21% of the world's population marries before the age of 18 (42%, in some parts of Africa). In the vast majority of cases, it is the girls who reach marriage before the age of majority. "When a girl gets married, she is less likely to go to school, complete her studies or move freely out of her home without a companion, more likely to be a victim of gender-based violence, and less likely to count. with knowledge about their body and their rights, "recalls the UNFPA report. In Bangladesh, almost 80% of girls get married before they are 18, compared to 8% of boys. It is followed by Chad, Ethiopia and Guinea as the countries where this practice prevails, with very similar percentages.
An international commission of experts from the prestigious scientific publication The Lancet included last year in health standards issues such as the right to control one's own body, define sexuality, choose the couple and receive confidential and quality services. "The bodies of women continue to be the battlefields where ideological discussions are fought with devastating results," commented Richard Horton and Elizabeth Zuccala, editors of the magazine.
The world soon became aware of the need to facilitate the option of deciding the number of children. In 1976, more than 100 governments already provided information and services. In 2015, the percentage of those who they did not support for family planning it was only 6%, but it did allow the private sector to provide services on its own. However, the possibility of deciding is always influenced by the economic level of families. Mediha Besic, a 35-year-old Bosnian, has five children. She gave birth to the first with 16. She and her husband do not have money to buy contraceptives, so they resort to traditional practices, which are not always effective. "It would have been easier to raise two children," says Besic.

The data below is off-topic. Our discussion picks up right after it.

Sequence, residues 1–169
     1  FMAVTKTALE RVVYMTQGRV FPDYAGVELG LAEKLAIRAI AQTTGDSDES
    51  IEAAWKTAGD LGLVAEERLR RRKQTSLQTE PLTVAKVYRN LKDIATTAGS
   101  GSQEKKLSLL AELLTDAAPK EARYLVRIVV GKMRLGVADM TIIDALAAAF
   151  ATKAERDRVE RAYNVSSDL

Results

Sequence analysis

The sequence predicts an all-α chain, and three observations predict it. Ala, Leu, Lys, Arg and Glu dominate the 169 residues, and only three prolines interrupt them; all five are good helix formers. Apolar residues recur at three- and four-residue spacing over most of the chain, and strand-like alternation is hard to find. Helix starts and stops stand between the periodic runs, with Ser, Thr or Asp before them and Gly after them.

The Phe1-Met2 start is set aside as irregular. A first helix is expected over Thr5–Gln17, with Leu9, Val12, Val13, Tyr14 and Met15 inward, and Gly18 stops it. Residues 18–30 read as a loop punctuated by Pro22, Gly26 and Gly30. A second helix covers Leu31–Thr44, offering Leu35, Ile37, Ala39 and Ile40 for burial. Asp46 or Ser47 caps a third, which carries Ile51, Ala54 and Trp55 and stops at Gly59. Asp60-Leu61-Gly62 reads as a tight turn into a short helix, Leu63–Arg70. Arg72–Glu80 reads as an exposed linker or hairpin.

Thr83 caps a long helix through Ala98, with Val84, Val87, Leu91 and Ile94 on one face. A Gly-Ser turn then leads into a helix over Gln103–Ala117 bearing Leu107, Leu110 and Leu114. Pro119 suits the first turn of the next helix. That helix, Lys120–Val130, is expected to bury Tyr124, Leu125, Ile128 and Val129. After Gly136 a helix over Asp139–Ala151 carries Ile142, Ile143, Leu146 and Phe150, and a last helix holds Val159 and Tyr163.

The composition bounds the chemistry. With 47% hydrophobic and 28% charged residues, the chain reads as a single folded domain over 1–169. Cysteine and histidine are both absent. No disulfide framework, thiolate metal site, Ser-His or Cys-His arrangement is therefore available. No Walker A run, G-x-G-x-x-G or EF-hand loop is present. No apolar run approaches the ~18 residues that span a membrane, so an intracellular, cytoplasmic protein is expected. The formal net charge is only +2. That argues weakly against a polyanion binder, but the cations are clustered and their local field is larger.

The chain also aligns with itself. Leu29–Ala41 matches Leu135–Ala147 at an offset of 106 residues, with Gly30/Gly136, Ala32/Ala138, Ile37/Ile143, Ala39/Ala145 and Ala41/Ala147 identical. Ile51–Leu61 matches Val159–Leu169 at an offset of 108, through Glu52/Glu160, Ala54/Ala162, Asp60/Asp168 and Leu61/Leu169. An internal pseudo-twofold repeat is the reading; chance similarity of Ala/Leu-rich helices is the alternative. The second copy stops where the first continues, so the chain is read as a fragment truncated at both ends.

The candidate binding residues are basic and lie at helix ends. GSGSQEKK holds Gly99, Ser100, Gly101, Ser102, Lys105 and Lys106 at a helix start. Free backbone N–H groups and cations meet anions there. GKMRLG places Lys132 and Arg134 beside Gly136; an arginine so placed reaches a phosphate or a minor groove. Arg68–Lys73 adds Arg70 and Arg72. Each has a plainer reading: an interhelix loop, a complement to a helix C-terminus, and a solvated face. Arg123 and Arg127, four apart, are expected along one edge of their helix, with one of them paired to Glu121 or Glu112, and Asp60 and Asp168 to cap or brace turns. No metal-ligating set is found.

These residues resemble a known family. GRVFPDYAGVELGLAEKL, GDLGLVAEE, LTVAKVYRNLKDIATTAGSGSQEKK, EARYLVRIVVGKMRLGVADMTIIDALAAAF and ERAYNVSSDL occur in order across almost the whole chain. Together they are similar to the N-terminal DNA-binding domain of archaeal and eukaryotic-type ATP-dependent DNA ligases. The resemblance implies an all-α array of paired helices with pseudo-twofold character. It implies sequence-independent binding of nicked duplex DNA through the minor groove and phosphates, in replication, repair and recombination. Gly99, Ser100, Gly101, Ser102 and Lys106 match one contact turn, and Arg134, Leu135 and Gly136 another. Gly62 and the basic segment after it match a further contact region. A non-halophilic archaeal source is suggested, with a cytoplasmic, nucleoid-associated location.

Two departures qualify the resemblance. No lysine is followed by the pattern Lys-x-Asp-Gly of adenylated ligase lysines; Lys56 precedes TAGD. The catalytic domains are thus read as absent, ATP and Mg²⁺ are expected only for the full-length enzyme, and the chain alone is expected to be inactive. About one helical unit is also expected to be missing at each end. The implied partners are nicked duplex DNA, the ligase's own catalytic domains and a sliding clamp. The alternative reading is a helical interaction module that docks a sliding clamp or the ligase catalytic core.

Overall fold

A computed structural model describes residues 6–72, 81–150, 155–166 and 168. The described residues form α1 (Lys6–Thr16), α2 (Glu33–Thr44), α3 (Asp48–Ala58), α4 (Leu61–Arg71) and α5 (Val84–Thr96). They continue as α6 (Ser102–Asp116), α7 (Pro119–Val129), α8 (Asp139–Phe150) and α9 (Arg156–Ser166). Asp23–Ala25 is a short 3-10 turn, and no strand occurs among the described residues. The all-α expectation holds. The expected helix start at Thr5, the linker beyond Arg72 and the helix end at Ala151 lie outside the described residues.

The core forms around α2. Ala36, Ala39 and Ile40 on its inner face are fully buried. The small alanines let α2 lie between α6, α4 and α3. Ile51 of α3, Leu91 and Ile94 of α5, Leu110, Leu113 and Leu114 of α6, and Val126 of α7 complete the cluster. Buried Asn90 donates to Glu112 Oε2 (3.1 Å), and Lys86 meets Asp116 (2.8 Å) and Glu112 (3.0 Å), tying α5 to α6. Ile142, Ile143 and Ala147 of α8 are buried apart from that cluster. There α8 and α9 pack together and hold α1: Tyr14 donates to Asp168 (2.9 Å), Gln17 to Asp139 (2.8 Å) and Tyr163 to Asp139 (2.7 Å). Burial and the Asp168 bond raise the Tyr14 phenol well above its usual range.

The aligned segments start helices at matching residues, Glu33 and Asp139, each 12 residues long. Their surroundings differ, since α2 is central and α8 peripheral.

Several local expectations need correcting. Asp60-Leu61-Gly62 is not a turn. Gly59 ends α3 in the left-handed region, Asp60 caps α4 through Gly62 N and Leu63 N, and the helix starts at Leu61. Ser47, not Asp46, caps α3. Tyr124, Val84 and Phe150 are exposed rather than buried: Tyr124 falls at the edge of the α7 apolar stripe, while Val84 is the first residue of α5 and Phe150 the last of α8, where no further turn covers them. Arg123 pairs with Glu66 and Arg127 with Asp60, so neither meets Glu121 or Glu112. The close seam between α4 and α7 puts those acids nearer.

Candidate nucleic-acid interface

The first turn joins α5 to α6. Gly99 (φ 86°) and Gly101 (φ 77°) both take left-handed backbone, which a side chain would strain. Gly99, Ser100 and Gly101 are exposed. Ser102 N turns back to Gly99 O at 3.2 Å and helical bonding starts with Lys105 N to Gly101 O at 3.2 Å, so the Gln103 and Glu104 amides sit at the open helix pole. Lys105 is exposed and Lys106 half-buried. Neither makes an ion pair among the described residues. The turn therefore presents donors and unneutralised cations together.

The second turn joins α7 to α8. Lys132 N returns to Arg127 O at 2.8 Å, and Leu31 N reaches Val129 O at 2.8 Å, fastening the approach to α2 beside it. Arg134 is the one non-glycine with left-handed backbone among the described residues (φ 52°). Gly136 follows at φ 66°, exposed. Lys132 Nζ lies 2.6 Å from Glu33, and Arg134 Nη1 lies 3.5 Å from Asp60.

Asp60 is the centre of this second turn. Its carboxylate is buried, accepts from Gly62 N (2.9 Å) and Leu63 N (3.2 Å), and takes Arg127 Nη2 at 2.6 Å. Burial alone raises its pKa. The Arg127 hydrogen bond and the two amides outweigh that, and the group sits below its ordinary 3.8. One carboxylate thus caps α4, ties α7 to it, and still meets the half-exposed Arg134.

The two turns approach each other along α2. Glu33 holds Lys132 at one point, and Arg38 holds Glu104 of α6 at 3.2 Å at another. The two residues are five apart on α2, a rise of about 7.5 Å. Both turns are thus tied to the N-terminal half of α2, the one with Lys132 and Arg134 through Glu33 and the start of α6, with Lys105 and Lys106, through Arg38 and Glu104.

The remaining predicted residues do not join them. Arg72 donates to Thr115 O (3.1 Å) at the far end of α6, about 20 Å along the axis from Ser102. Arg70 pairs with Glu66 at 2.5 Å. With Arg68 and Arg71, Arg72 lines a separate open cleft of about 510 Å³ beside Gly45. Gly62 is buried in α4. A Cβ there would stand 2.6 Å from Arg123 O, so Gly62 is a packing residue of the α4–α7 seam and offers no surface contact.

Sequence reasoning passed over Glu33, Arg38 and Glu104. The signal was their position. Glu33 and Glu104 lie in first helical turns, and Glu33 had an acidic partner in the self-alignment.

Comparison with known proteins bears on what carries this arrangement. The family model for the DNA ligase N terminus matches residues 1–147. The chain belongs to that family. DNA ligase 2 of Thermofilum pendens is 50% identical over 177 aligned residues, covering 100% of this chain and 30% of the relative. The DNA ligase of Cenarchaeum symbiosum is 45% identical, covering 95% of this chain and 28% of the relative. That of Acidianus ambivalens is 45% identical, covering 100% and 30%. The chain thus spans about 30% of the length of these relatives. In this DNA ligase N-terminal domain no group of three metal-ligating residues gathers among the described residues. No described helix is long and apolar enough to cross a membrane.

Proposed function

"Women from the poorest households can find themselves in situations where there is little or no no access to sexual and reproductive health services. This translates into unplanned pregnancies, an increased risk of illness or death due to complications associated with pregnancy or childbirth, and lack of assistance by medical, nursing or midwifery personnel and the consequent need to give birth on their own. ", summarizes the experts of the UN An evaluation of the World Health Organization in 24 countries carried out in 2017 indicated that in the family planning services the stocks of some contraceptive methods are exhausted approximately three quarters of the time.
"When we analyze the scientific research agenda we realize that we are going to give women little choice in the future, there are no studies on contraception in men, we continue to hold women accountable for this work," says Mora. In some cases there are extreme situations: five years ago, the scandal of the Mass sterilization of women in India, a country in which vasectomy is not accepted.
What should be done to eliminate inequalities? "National legislative systems must eliminate the discriminatory provisions that still exist, such as obstacles that hinder the access of young people, single people, migrants, people with different sexual orientations and gender identities, and others, to services and contraceptive methods. " The analysis also refers to fertility difficulties and urges governments to "untie in vitro fertilization of the parents' ability to pay".
In family planning services, stocks of some contraceptive methods are depleted about three-quarters of the time, according to an evaluation by the World Health Organization
A study by the Alan Guttmacher Institute estimated that for quality reproductive, maternal and neonatal health services worldwide, a 37% increase in funding for contraceptive staff would be required, while care for mothers and newborns would demand an increase of around 20% with respect to current levels.
The studies also support the role of men as active agents in the reproductive processes. UNFPA proposes actions such as counseling couples, in order to promote communication and conflict resolution, and "comprehensive sexual education that emphasizes the empowerment of women and the roles and obligations of men".
Karan Singh, who served as India's Minister of Health and Family Planning in the 1970s, said: "Development is the best contraceptive."